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The Dream of the Earth
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8 of 8 people found the following review helpful
on April 15, 2000
A friend recently recommended this book. In this deep-ecology classic, Berry examines man's relationship with the earth. He explores our mistaken beliefs that we are separate from the planet, and that it exists solely for human destruction, pollution, exploitation and profit. He encourages us to take responsibility. This book forever changed the way I will look at our world. Read it. Then read Wes Nisker's "Buddha's Nature" (1998/2000) to learn, from a buddhist perspective, how to put Berry's "dream" into everyday practice.
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4 of 5 people found the following review helpful
on February 6, 2003
"Dream of the Earth" should be considered a definitive work of 20th century, but, sadly, it has been overlooked by most of the populace. So powerfully written and earnest in some places that I was actually moved to tears, this book serves as a final plea and loose guide on how to save the planet - and with it, ourselves. In a broader sense, the book serves as a history of the human condition, how we came to be in the fix we are in today, and what massive, cultural changes need to take place in order to retain the last scraps of our mythic, extraordinary being.
Most see the coming ecological cataclysm (the next 50 years) as impossible to avoid or as nonsense. It is neither of those things. If this book doesn't drive you to change your lifestyle, nothing will.
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5 of 7 people found the following review helpful
on February 12, 2004
Thomas Berry has put together in this one book what a thousand other writers have attempted and that is: a complete format for human perception of reality that should and can pervade through all our earthly activities, esp. religion, politics and economy. Let Earth and it's biolgical processes teach and guide us to a rational, sustainable, regenerative, healthy existence.
There are many potent passages all through this work and I picked out one that I felt was inclusive of the gist of the book.
..."This universe itself, but especially the planet Earth, needs to be experienced as the primary healer, primary commercial establishment, and primary lawgiver for all that exists within this life community. The basic spirituality communicated by the natural world can also be considered as normative for the future ecological age."- Page 120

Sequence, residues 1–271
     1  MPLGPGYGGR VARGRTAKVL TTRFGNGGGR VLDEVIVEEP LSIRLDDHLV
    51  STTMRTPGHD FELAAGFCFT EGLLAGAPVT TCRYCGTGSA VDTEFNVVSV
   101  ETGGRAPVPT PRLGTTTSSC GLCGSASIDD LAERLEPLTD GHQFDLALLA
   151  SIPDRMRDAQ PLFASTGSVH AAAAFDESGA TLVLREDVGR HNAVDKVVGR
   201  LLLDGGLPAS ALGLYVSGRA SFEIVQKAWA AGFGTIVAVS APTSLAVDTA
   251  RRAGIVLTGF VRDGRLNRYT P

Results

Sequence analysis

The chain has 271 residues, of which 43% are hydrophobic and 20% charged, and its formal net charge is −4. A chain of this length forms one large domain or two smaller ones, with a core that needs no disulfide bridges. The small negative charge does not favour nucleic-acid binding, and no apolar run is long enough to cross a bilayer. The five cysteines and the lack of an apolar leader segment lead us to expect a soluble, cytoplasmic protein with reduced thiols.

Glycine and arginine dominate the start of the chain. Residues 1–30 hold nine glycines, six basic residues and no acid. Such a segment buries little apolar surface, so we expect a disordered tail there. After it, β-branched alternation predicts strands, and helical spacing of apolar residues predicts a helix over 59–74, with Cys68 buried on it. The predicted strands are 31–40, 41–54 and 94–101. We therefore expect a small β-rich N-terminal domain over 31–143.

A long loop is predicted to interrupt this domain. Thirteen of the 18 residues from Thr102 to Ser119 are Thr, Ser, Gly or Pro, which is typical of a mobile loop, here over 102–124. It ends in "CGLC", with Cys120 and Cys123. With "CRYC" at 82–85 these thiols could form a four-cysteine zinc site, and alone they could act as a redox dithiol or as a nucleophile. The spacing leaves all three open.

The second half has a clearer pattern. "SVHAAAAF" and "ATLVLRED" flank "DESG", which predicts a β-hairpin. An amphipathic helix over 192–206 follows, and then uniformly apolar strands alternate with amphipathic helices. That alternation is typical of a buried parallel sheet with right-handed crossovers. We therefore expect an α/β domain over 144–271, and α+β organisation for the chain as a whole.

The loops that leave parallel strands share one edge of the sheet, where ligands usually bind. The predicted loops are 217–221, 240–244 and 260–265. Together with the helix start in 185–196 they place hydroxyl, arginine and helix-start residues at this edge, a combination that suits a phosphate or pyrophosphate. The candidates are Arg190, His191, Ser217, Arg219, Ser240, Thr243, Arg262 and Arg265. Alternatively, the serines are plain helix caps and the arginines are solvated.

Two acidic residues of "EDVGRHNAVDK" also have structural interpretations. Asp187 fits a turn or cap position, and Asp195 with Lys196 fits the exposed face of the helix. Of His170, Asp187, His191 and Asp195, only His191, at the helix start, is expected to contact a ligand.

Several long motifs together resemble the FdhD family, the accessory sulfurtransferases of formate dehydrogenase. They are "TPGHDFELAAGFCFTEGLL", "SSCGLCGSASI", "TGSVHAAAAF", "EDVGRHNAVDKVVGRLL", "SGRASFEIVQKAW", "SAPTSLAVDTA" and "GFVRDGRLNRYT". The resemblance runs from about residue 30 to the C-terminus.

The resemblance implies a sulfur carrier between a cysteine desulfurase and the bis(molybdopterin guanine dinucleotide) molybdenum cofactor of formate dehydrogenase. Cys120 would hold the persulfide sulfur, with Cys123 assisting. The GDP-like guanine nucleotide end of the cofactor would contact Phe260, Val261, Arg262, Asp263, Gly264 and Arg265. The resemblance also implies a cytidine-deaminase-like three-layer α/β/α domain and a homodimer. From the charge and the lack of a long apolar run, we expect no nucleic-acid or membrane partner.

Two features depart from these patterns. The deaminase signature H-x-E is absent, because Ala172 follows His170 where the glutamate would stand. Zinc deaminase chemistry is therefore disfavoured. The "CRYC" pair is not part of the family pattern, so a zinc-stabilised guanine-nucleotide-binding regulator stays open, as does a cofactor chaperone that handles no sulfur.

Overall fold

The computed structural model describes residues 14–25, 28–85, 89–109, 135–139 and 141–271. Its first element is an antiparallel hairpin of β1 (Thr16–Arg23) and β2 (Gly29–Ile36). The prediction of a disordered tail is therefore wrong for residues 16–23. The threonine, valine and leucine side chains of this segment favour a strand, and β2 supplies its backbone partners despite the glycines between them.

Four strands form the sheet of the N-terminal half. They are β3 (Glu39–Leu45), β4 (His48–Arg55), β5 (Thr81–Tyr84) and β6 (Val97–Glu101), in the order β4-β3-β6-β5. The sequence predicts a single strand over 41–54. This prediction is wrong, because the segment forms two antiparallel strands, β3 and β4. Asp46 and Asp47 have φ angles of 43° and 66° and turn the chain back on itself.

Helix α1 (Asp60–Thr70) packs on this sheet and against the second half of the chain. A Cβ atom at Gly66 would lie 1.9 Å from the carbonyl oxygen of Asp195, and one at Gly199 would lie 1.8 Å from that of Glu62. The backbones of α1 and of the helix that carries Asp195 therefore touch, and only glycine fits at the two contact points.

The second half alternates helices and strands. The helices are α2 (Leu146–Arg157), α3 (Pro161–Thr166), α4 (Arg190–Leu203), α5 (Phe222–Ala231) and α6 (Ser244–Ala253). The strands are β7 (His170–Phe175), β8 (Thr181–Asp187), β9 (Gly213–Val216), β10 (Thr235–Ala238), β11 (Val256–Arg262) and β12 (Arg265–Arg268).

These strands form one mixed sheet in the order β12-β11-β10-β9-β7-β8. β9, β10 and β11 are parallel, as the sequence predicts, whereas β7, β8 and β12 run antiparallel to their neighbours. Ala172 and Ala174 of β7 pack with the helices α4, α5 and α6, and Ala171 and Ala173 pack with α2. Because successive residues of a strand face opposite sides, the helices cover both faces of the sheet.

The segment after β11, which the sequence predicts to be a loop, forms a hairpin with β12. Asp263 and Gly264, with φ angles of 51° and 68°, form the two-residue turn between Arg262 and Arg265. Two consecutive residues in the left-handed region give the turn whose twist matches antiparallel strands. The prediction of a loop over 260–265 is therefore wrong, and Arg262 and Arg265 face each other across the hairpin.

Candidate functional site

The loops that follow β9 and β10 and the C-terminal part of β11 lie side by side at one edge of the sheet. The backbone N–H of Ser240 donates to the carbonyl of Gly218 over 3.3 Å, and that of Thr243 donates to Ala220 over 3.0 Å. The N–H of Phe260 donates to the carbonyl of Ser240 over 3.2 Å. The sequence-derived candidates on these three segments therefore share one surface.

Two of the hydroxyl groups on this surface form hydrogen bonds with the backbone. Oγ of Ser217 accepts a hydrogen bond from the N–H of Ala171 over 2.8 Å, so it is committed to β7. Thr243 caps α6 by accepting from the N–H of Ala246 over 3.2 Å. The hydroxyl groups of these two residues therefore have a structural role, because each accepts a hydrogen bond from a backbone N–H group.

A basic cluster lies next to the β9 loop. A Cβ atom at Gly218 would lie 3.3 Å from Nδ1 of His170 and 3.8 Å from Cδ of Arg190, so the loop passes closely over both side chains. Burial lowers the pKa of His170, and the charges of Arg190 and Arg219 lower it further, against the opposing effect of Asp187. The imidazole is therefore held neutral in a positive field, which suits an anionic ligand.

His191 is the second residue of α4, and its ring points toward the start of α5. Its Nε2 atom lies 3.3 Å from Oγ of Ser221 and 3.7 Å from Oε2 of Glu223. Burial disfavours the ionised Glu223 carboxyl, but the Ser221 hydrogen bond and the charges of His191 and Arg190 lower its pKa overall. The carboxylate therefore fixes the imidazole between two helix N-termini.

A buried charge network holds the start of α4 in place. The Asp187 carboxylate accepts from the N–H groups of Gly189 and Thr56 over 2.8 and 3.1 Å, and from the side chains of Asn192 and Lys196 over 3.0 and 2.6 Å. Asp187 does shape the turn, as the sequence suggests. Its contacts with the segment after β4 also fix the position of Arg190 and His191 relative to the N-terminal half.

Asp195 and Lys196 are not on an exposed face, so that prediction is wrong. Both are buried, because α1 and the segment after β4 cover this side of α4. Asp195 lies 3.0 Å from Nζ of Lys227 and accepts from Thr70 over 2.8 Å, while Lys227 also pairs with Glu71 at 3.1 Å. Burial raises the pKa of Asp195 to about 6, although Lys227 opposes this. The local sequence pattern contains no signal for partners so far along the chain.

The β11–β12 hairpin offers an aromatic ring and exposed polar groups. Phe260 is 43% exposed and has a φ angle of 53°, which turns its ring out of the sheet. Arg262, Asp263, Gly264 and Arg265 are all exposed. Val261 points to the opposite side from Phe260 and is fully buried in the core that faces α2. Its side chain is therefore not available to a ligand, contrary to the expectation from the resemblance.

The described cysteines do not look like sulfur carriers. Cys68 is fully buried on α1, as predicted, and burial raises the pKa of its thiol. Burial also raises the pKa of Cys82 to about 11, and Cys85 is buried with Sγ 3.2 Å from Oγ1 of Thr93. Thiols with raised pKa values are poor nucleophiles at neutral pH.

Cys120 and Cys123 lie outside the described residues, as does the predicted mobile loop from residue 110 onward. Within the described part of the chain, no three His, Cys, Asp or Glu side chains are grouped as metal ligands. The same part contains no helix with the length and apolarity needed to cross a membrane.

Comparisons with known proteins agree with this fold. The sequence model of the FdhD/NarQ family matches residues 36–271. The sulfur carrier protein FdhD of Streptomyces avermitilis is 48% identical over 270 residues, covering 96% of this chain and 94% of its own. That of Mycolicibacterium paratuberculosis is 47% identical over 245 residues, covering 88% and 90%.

This is an excellent treatise on reverence for the creative life forces that sustain us and treat us daily to a plithora of interactive life processes and our need to acknowledge this gift by treating it with the awe and respect it deserves.
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5 of 7 people found the following review helpful
on December 21, 2003
In one of his Dialogues, Plato says that the most serious difficulty one faces when attempting to philosophize is in "finding a suitable story for what one wants to say." But it's a difficulty worth facing at this time in history because a suitable story may serve to energize and advance current efforts to develop a globally responsible spirituality.
Everywhere we hear from perceptive folk that our conventional story has grown dangerously obsolete, and only by reimagining the world and our place in it can we advance beyond the dysfunctional limits of the old story.
The "dream of the earth" so beautifully described in this work by "geologian" Thomas Berry just may be the "big enough story" needed now to creatively navigate the global transition from a way of destruction to a way of sustainable wisdom rooted in a respect for the earth as respect for our very own bodies
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3 of 5 people found the following review helpful
on November 25, 1998
Thomas does deserve credit for helping to re-cover a sense of earth consciousness. However, in most of his books, and especially this one, he brings in elements of his personal appreciation for a religion (Catholicism) and its veneration of idols combining them with a kind of eco-spiritualism.
Perhaps Berry's best accomplishment is in inspiring newer writers like Brian Swimme who's works stand above most other Gaian-type writers.
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3 of 5 people found the following review helpful
on July 19, 1999
This work is one of the most important books that you can read today. "We are living in interesting times." The Chinese consider the above quote to be one of the worst curses that can be placed upon someone.
If we do not create a new mythology about who we are and how we live, then the earth will do away with us.
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0 of 1 people found the following review helpful
TOP 500 REVIEWERon September 15, 2011
It's good to read this classic and see how Berry built his great argument for the merger of theology with ecology. But from a perspective of nearly 25 years later, the language seems like a temporary bridge between worlds. It sounds like a sermon, exhorting us to connect, feel, and envision. At this stage in his great work, Berry was not expressing his own dream of the earth so much as arguing in favor of creating one.

--author of The Gardens of Their Dreams: Desertification and Culture in World History
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4 of 8 people found the following review helpful
on April 12, 2003
Don't be misled. Because Thomas Berry is promoted as a Catholic priest, many people are falsely led to believe that his books present Catholic or Christian teaching about the environment. Instead, this book presents a New Age blend of do-it-yourself religion mixed with pseudo-science. If you're into that, you'll probably like this book...
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